The District of Columbia is the latest to join the trend of increasing regulation regarding an employer’s use of non-competition agreements. On January 11, 2021, District of Columbia Mayor Muriel Bowser signed the Ban on Non-Compete Agreements Amendment Act of 2020 (the “Act”). It is anticipated that the Act will become effective following a 30-day period of Congressional review and publication in the D.C. Register.
Increasing Regulation Regarding the Use of Non-Competition Clauses in the District of Columbia-Maryland-Virginia (“DMV”) Area
In general, a non-compete clause prohibits an employee from working for a competing employer after leaving a company’s employment. Usually, a valid non-compete clause involves a specific length of time and/or geographic area for the application of the non-compete clause.
In the last two years, Maryland, Virginia, and now, D.C. have passed regulations restricting the use of non-compete agreements in employment contracts. Effective October 1, 2019, Maryland’s Non-Compete and Conflict of Interest Clause Act prohibits non-compete clauses for “low-wage” employees – employees who earn an amount equal to or less than $31,200 annually or $15.00 per hour. Similarly, effective July 1, 2020, Virginia enacted a law banning non-compete clauses for “low-wage” workers – workers whose average weekly earnings during the previous 52 weeks “are less than the average weekly wage of the Commonwealth” as calculated pursuant to VA Code § 65.2-500(b). Reports regarding data kept by the Virginia Employment Commission (“VEC”) indicate the average weekly wage could be as low as $1,204 per week, which would equate to approximately $62,600 annually.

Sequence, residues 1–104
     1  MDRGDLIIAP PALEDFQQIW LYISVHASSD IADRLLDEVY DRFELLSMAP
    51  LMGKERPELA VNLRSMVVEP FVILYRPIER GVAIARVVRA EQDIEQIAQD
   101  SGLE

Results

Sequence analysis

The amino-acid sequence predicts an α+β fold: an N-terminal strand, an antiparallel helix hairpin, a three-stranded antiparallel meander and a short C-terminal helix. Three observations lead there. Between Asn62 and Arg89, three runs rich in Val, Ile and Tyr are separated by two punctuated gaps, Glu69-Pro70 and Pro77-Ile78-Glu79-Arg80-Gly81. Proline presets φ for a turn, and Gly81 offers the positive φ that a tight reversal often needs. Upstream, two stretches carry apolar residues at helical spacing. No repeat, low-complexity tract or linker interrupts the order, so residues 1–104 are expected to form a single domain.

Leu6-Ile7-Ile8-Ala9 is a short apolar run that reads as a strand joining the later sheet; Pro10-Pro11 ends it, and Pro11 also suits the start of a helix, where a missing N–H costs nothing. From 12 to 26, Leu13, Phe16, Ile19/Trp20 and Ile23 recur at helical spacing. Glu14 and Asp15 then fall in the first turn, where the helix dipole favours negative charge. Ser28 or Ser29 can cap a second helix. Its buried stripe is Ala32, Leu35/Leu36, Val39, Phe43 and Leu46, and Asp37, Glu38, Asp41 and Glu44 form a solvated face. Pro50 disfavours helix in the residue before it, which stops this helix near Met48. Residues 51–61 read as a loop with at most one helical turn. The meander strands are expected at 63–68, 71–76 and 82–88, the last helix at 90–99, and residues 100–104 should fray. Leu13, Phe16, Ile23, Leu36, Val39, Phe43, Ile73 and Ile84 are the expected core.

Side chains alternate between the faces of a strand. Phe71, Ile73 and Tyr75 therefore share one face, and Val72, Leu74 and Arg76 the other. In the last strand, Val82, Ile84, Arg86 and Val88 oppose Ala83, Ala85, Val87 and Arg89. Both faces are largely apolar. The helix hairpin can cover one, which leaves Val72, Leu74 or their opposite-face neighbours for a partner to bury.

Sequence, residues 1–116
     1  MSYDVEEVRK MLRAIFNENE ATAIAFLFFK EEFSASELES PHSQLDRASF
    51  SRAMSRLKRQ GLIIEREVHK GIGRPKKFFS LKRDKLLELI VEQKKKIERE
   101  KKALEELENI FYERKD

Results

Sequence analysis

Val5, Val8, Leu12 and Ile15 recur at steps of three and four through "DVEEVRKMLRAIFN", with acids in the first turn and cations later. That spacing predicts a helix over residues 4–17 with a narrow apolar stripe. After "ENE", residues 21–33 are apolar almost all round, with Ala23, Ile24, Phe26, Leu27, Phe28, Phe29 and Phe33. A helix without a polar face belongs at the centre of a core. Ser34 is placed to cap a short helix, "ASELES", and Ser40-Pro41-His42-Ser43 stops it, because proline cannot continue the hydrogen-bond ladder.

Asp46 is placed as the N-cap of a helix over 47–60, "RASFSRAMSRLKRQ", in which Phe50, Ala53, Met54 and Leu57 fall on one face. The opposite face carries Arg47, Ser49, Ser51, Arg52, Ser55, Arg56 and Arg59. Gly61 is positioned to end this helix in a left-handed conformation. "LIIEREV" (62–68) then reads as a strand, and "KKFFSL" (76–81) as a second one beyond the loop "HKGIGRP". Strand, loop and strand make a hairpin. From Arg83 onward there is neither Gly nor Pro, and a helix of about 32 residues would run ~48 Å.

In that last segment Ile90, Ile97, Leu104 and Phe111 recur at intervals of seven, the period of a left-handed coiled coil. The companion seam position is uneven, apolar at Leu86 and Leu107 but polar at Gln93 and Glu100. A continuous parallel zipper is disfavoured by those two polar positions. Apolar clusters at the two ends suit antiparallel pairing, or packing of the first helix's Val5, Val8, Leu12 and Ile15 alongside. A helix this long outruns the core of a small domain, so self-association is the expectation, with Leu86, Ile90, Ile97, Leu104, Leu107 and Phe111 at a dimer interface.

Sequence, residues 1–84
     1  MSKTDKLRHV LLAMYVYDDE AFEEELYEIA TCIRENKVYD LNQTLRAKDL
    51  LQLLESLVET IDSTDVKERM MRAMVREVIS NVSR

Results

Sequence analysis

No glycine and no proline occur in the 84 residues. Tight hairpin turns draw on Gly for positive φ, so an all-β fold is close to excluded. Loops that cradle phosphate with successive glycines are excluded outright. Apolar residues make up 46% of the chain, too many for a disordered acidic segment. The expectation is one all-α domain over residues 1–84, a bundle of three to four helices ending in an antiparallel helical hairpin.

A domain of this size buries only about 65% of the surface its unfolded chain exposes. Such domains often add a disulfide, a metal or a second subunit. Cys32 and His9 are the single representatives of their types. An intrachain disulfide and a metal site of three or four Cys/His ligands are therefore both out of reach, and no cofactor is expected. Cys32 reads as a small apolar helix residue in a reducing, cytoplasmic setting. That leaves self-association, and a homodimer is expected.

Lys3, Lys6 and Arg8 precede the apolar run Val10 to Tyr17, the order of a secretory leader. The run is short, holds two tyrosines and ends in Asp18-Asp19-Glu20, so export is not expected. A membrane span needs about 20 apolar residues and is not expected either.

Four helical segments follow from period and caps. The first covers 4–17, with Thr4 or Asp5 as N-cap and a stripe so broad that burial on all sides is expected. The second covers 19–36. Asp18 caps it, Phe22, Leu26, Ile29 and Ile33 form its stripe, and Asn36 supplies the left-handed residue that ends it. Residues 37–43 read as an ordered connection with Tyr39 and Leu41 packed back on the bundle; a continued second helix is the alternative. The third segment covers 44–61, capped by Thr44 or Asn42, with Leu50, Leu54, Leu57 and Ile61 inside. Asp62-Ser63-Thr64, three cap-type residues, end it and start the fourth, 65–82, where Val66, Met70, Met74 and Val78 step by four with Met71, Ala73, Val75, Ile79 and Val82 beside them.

D.C.’s Ban on Non-Compete Clauses is the Most Restrictive Yet
D.C.’s ban on the use of non-compete clauses goes above and beyond Maryland’s and Virginia’s restrictions on the use of non-compete clauses for so-called “low-wage” workers. A couple of the Act’s most distinctive features make it one of the most expansive bans on non-compete provisions in the United States. Specifically:
- The Act covers most employers and employees. The Act excludes unpaid volunteers, lay members elected or appointed to office within any religious organization, babysitters, and certain medical specialists from the definition of a covered “Employee.” Additionally, the District of Columbia and federal government employers are excluded from the definition of a covered “Employer.” However, outside of these limited exclusions, the Act generally applies to all employers and employees, irrespective of the amount earned by the employee.
- The Act prohibits the use of non-compete restrictions during as well as after employment. The Act broadly defines non-compete provisions as provisions that “prohibit the employee from being simultaneously or subsequently employed by another person, performing work or providing services to pay for another person, or operating the employee’s own business.” Consequently, the Act appears to allow an employee to simultaneously work for an employer and its competitor.
What else do DMV Employers Need to Know About the Act?
- The Act is not retroactive. It only applies to non-compete agreements entered into after the Act’s effective date.